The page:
Sunday, November 11, 2012

The slow death of white America: How will the great melting pot adapt to the millions of black and Hispanic voters who swept Obama back to power?

By Tom Leonard

For Republicans struggling to understand their defeat at the polls, the most chilling statistic in this week’s presidential election was this: Mitt Romney won the biggest share of the white vote that any Republican White House contender ever has — and he still lost.

In an election battle that was defined as much as anything by race, Mitt Romney won the support of 59 per cent of whites, but just 27 per cent of Latinos, 26 per cent of Asian-Americans and 6 per cent of African-Americans.

Thirty years ago, being unpopular with ethnic minorities would hardly have stopped a white establishment candidate like Romney from trouncing Barack Obama. But back then, whites accounted for almost 90 per cent of voters. Now they make up just 72 per cent of the electorate, and that figure is shrinking by the year.

Tuesday’s election showed a large turnout by Hispanics, who constituted some 10 per cent of voters — more than ever before. With 71 per cent of them voting for Mr Obama — notably in a handful of crucial swing states such as Florida, Colorado and Nevada, where they turned out at the polls in unusually high numbers — Hispanic voters gave the President his winning margin.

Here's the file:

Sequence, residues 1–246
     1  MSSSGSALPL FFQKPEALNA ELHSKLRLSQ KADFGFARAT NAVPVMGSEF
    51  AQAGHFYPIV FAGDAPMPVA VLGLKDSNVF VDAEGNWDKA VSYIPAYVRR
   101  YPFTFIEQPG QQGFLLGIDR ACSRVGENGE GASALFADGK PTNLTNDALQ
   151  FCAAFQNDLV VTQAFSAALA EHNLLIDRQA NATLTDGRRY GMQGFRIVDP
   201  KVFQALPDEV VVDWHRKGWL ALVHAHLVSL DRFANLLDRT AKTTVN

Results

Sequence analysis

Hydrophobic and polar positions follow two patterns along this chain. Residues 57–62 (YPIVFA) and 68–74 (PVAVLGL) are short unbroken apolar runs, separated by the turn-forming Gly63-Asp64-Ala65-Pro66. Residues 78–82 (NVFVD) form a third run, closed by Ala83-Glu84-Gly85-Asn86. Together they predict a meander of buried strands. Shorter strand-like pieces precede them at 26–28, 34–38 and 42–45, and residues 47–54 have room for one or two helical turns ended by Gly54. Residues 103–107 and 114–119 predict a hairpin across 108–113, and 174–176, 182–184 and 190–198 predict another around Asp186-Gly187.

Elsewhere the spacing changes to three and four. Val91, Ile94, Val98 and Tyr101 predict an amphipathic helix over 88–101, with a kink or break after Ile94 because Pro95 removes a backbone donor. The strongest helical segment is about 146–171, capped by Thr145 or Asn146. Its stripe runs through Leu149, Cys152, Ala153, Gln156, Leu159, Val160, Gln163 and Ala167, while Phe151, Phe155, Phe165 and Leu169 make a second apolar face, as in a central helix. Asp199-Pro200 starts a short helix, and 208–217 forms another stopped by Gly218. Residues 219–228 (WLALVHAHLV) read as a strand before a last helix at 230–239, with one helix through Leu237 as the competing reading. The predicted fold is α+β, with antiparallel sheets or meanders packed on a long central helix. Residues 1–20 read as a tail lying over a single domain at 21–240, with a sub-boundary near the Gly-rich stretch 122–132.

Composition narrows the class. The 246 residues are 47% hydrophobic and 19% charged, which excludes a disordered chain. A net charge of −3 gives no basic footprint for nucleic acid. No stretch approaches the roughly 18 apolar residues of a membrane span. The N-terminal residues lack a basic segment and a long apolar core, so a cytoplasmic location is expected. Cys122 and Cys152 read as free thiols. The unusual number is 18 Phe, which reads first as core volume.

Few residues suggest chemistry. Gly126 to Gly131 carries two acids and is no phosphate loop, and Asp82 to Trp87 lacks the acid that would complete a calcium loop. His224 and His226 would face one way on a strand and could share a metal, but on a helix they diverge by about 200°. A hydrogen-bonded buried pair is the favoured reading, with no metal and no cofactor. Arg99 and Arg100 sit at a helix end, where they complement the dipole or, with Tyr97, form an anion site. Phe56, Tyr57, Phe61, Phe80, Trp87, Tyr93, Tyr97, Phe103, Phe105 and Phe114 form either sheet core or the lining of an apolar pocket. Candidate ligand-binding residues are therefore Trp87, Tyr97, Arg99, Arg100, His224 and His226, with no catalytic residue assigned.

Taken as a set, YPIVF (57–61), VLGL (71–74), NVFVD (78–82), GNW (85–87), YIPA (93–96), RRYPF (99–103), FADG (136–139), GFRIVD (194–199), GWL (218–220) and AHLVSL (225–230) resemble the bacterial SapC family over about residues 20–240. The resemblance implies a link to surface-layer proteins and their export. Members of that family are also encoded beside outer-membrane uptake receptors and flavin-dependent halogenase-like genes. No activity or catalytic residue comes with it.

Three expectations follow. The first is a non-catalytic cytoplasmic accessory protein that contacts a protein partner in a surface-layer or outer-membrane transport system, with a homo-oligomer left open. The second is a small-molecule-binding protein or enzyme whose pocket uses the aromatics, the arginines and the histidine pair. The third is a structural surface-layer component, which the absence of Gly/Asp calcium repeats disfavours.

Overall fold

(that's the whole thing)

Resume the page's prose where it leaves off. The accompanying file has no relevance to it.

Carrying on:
In other key states, such as Ohio, pundits said a strong showing by Hispanic and black voters together ensured an Obama victory.

The Republican party, said one pollster, ‘will be doomed if they lose black and Latino votes by these same margins in the future’.

He’s not exaggerating. As the election highlighted, white America is dying — and in a quite literal sense.

The evidence of this demographic timebomb, which is likely to alter the face and character of the U.S. far more fundamentally than any number of elections, was made plain in the summer in a new report by the U.S. Census Bureau.  It revealed that for the first time in American history, ethnic minorities now account for more than half the babies born in the U.S.

Of the four million children born in the year to July 2011, 50.4 per cent were ethnic minorities — black, Asian, mixed-race and, above all, Hispanic.

It was a long-expected milestone on the road to an America in which, according to experts, within 30 years whites will no longer be the majority.